ROAD TEST REPORT AND REVIEW: Mercedes-Benz Citan 109 CDI Van Long – Mercedes-Benz Citan 109 CDI Van Long is the new small van with a three-pointed star. DAVID HOOPER is impressed with the car-like ride and equipment levels.
THE Mercedes-Benz Citan is the German manufacturer’s new small van. It comes in various guises but competes with the Peugeot Bipper, Citroen Dispatch and Nissan NV200.
Available in a range of colours including this smart and timeless silver, it’s actually quite a smart looking machine.
With its big square nose dominated by the three-pointed star Mercedes badge, the Citan is hard to miss and certainly stands out from the crowd in the small van arena.
The cab looks smart at first glance and those familiar with Mercedes cars will recognise much of the instrumentation and control interfaces. I was surprised to find the same cruise control system the cars have, complete with its speed limiter, surely a boon for any van about town – or motorway.
The seats are comfortable for long trips between jobs and there is a hook on the bulkhead to hang your jacket on.
The instrumentation is fairly basic, but everything you need is there. You even get a trip computer so you can keep an eye on your fuel consumption, trip meter, ambient temperature and how far you can travel before you need to refuel.
During my test, which covered just over 400 miles, the Citan returned an average of 47.1mpg, which is quite good – but of course, if you fill it to the gills with heavy cargo, it will have an adverse effect on the mpg figures. The most I carried were a few bags and a couple of boxes of leaflets during my few days with the car. It is comfortable to drive and handles well enough, and its five-speed gearbox provides a good spread of ratios to keep the van going at a decent pace. The ride quality is fine and the air conditioning system was a real bonus during the summer heatwave, and because the cab area is comparatively small, it was very efficient and effective.
The Citan I tested had a stereo which could be paired to your mobile phone, so there’s no excuse for a busy driver wanting to pick up his phone while driving – you still see so many van drivers on the phone, despite the recent increase in fines.
The interior looked quite smart, but closer inspection of the dashboard revealed plastics at the cheaper end of the spectrum, but at least they are tough and no doubt well suited to the world of work, being easy to wipe clean.
There were also a couple of cupholders and a deep central arm rest, but there was no storage area on the top of the dashboard, although an overhead rack would take smallish items – the only snag with that would be finding them again later as you can’t see where they are, it would be a case of having a good feel around.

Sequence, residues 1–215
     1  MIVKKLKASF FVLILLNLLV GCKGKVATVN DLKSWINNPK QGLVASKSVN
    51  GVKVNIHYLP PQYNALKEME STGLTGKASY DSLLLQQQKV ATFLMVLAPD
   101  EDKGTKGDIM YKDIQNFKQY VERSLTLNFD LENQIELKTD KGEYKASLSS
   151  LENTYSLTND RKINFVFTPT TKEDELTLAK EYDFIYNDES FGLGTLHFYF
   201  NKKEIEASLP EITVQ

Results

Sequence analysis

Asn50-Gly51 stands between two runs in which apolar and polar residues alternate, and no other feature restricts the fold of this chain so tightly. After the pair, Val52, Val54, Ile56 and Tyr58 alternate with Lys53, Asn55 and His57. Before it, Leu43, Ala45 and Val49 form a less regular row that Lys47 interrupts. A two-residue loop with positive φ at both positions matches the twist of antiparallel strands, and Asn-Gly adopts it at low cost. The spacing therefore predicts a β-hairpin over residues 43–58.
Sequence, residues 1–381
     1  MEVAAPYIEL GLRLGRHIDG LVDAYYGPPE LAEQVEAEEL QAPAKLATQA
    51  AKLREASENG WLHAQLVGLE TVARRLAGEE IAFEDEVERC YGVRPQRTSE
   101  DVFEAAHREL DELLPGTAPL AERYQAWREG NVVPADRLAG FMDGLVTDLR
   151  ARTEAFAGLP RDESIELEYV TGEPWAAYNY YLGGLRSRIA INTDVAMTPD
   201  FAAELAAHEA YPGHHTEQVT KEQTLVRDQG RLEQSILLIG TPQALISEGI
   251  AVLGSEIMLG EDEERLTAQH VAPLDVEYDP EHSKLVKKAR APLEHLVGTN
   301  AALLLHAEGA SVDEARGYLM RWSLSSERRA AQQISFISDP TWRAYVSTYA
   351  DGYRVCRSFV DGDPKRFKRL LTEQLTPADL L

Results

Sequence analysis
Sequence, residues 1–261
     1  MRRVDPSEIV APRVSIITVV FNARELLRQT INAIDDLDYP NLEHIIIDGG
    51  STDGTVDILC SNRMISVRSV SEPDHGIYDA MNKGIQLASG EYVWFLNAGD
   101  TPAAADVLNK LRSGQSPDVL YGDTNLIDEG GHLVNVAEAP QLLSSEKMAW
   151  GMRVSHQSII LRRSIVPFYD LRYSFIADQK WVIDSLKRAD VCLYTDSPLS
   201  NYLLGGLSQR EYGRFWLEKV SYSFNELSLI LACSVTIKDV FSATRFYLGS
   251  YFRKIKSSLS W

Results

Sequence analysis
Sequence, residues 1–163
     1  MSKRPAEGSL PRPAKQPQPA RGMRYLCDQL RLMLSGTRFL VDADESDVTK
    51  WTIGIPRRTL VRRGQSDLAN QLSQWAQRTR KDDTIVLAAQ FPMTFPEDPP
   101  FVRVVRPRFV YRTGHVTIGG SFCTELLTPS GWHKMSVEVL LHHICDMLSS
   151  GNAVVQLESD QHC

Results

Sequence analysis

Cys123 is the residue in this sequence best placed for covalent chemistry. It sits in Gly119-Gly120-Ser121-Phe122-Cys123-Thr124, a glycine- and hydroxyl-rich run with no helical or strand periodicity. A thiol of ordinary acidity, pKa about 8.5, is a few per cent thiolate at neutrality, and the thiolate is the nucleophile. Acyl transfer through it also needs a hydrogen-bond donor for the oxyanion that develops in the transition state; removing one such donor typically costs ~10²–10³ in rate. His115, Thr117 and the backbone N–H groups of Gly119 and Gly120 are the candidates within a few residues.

Perhaps the most important bit though, is what’s at the back of the van. I liked the fact that you could unlock the driver and passenger doors and leave the cargo area secured – something a van driving friend of mine said can be a real nuisance and security risk with some other manufacturer’s vans which don’t offer that feature.
Both sides of the van feature sliding doors, which open to provide enough space for someone to get in and out of the van with relative ease, or to gain access without having to go onto the road.
At the back, there are two more doors, each one locking into the open position, so that even if the van is parked on a slight slope, the door will stay wide open.
The load area is nice and flat, so things can slide easily into position and there are some useful lashing points to make sure they stay there.
On the road, the Citan drives very well and I found it a very comfortable vehicle to live with – just as comfortable as any car, really. The lack of a rear-view mirror took a bit of getting used to, but I quickly did.
Manoeuvring wasn’t a problem either – the front of the van was easy enough to judge, while the rear came with a set of parking sensors which would definitely help to avoid the almost inevitable bumper scuffs on working vehicles such as this.
Compared to its rivals, it’s competitively priced, with the range starting from £13,645 + VAT, but when you consider that some of these vehicles will be clocking up the miles very quickly, its warranty sets it apart from some of its competition and could swing the deal as it covers up to 3 years/Unlimited miles.
THE VITAL STATISTICS
MODEL: Mercedes-Benz Citan 109 CDI Van Long
MERCEDES-BENZ CITAN RANGE: From 109CDI Compact Trade Edition (£13,645) to 109CDI Extra Long BlueEFFICIENCY Dualiner (£16,295).
ENGINE: 1.5-litre, 90bhp four-cylinder diesel engine, driving front wheels through 5-speed manual gearbox.
ECONOMY: City: 54.3mpg.
Fuel tank: 60 litres.
CO2 EMISSIONS: 130g/km.
PRICE: £14,240 (£16,538 as tested, plus VAT).
WARRANTY: 3 years/Unlimited miles.
• All data correct at time of publication.